The intricate puzzles you’ll be solving, and the hilarity of doing it while having to rely on two other people to often be completely in-sync make for a chaotic yet addicting experience. Even when you come across someone who is so bad it makes you want to cry, you’ll be jumping right back in to see how much better you can do on that level the next time around. TriForce Heroes is just that kind of game. The attention to detail is so finely crafted around this multiplayer experience that it’s simply a masterpiece in that regard. You’ll easily put in 20+ hours before feeling anywhere near like you’ve played the same level twice. That’s the beauty of that multiplayer interaction.

New Nintendo 3DS XL & Monster Hunter Ultimate 4

New NIntendo 3DS XLI’m 1/10th the enthusiast that Graev is when it comes to handheld systems. We both got the 3DS when it very first launched and became ambassadors (received the spiffy badge and free games) for supporting their somewhat rocky launch.

When the 3DS took off and launched the ‘XL’ version, then several more versions of the XL, Graev would get them and pass down his systems to me and I would fiddle around in a Pokemon game every now and again. When the New Nintendo 3DS XL came out, boasting so many new features, I decided I wanted one.

My family got me the New Nintendo 3DS XL as a belated birthday present, and thanks to Graev tossed in Monster Hunter 4 Ultimate to go along with it. I’ll talk on MH4U but first let me talk up a few of the things I like about the new system.

Improved 3D Technology

New Nintendo 3DS Eye Tracking

If you’re like me and unable to hold still, you probably noticed that the 3D was finicky on the original 3DS. Moving your head to the side or not holding the 3DS at just the right angle made viewing the 3D effects difficult. The New 3DS includes a form of eye tracking that knows where your eyes are at and adapts to follow them when you move your face or the system around. I know it tracks my eyes because when I look a way then look back it wigs out for a second to find my eyes again. So as long as you don’t turn your head and look away completely, this thing keeps you engaged in the experience.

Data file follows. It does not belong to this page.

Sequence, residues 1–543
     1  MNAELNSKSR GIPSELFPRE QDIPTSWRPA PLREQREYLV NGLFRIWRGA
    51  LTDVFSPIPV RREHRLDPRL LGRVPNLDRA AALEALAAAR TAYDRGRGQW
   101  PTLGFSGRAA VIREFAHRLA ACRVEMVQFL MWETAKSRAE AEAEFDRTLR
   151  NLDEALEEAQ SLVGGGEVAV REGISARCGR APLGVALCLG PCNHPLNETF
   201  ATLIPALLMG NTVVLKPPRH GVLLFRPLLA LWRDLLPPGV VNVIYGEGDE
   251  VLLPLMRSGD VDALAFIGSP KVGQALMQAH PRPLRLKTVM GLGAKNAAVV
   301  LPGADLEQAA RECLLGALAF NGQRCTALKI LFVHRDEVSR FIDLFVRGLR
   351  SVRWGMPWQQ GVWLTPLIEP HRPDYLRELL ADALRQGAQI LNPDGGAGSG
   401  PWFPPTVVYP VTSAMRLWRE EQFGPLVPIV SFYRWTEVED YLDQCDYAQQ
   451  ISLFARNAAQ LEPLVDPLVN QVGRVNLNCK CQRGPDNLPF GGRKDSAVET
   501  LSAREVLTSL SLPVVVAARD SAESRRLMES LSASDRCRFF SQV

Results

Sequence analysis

new-nintendo-3ds-c-stickThe C Stick

A couple of new controls were added like two new shoulder buttons, but the real star here is the C stick. The C stick is that little nubbin you see just above the X button. It barely moves but is made of a rubbery type feel that is sensitive to how your thumb pushes in directions. The only C stick implementation I’ve played with so far is in Monster Hunter, but that ability to control the camera alone has proven immensely useful for someone like me who has always struggled with handheld systems and the lack of ‘freedom’ of movement. Works great!

The New 3DS XL Overall

Overall the system is nice a big, feels good in my hands, and runs faster thanks to a better CPU. The browser on this thing feels better to me and navigates well. I think the camera was also improved to no longer be so dark and grainy. I haven’t played with the Amiibo support or anything but it has that. I plan to give the wireless file transfer stuff a try later to see how easy it is to take stuff from the micro sd card and transfer it over the wifi network straight to my PC. OH! I should also mention that exclusive games are coming to the New 3DS XL that will take advantage of not only the controls but the new upgraded speeds, so they will look even better.

 Monster Hunter 4 Ultimate

mh4u

I have never been a Monster Hunter fan. I was always intimidated by what felt like massive barriers to entry and learning curves. There is so much that goes into such a simple premise of hunting monsters. Choosing weapon and armor types, crafting, upgrading, massive amounts of collecting, tons of strategic positioning during fights… it’s intense.